Diffuse axonal injury (DAI) is one of the most common and important pathologic features of traumatic brain injury (TBI). The susceptibility of axons to mechanical injury appears to be due to both their viscoelastic properties and their high organization in white matter tracts. Although axons are supple under normal conditions, they become brittle when exposed to rapid deformations associated with brain trauma. Accordingly, rapid stretch of axons can damage the axonal cytoskeleton resulting in a loss of elasticity and impairment of axoplasmic transport. Subsequent swelling of the axon occurs in discrete bulb formations or in elongated varicosities that accumulate transported proteins. Calcium entry into damaged axons is thought to initiate further damage by the activation of proteases. Ultimately, swollen axons may become disconnected and contribute to additional neuropathologic changes in brain tissue. DAI may largely account for the clinical manifestations of brain trauma. However, DAI is extremely difficult to detect noninvasively and is poorly defined as clinical syndrome.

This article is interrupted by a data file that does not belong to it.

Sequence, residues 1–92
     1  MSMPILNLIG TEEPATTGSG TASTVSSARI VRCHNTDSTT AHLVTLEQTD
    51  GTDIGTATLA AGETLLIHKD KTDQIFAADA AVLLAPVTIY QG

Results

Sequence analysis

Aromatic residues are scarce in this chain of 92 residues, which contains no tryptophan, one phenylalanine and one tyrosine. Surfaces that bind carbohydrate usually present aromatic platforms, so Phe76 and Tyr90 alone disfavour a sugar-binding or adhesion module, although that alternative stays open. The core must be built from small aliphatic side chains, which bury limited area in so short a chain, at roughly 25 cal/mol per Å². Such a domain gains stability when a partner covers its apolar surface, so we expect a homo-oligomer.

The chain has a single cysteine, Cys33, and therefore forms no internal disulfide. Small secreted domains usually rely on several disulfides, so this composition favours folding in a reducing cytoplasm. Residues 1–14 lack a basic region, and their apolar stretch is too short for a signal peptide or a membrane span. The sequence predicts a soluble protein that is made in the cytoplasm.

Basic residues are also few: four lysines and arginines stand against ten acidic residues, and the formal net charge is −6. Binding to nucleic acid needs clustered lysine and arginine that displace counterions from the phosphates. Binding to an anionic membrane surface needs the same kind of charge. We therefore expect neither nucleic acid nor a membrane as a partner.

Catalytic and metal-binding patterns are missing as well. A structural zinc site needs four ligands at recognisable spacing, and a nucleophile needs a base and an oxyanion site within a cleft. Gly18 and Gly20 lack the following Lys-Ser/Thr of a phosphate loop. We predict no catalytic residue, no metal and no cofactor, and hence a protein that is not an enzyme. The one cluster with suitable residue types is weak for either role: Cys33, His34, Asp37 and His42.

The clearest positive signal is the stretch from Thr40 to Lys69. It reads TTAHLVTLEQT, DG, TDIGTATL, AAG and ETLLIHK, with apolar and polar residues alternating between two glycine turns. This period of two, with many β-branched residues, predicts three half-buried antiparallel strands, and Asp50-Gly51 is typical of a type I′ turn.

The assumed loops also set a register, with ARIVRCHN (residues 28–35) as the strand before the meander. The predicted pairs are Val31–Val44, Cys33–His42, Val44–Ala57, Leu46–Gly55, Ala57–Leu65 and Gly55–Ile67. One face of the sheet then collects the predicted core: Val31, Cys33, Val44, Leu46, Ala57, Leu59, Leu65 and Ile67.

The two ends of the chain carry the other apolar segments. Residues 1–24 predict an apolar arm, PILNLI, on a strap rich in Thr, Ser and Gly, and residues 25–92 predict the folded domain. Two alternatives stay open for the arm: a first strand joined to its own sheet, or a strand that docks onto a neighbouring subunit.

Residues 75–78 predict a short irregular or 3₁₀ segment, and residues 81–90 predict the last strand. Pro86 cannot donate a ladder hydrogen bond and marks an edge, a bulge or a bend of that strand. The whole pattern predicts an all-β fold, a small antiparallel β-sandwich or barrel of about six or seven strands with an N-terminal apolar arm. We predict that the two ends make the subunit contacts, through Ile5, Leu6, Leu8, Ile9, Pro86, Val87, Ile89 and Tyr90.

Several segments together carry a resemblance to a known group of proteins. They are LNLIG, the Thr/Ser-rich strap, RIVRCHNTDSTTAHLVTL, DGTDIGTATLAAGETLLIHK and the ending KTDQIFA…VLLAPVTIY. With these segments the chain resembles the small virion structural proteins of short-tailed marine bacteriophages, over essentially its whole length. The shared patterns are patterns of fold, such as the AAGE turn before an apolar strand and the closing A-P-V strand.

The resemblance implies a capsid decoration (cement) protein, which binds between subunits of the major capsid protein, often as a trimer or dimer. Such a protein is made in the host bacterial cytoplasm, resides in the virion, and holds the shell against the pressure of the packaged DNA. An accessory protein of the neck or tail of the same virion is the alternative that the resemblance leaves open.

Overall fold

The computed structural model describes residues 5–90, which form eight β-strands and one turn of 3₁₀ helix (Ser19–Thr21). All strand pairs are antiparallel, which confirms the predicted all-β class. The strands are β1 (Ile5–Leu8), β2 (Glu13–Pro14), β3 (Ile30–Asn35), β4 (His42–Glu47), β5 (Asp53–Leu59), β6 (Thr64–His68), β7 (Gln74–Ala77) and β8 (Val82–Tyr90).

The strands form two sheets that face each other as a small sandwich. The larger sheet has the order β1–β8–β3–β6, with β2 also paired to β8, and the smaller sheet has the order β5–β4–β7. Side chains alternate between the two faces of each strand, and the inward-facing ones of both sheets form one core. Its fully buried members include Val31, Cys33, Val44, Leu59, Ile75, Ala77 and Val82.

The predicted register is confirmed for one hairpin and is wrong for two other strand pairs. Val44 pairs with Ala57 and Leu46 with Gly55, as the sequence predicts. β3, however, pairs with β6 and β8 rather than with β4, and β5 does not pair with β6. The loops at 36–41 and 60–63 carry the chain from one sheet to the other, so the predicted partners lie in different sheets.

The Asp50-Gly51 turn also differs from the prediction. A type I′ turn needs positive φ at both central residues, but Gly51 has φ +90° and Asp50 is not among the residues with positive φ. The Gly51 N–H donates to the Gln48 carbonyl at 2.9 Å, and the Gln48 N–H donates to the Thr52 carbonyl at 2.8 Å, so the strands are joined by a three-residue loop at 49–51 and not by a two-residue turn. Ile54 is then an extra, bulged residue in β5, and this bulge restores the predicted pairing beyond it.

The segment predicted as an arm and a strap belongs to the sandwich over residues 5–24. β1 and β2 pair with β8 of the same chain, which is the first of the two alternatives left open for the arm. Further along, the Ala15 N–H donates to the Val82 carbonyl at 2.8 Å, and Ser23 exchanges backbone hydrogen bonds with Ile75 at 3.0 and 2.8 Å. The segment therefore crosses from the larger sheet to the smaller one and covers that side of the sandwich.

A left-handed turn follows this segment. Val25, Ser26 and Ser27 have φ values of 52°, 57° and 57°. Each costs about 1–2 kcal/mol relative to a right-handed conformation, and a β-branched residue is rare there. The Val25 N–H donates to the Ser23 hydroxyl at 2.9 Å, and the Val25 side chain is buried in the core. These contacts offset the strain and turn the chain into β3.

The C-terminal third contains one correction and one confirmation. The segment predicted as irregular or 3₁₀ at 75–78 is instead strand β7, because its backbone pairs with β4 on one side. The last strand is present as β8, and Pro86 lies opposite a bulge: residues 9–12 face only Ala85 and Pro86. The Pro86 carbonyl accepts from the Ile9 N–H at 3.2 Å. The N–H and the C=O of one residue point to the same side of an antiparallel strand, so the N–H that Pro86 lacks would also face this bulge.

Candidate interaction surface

Future advancements in the diagnosis and treatment of DAI will be dependent on our collective understanding of injury biomechanics, temporal axonal pathophysiology, and its role in patient outcome.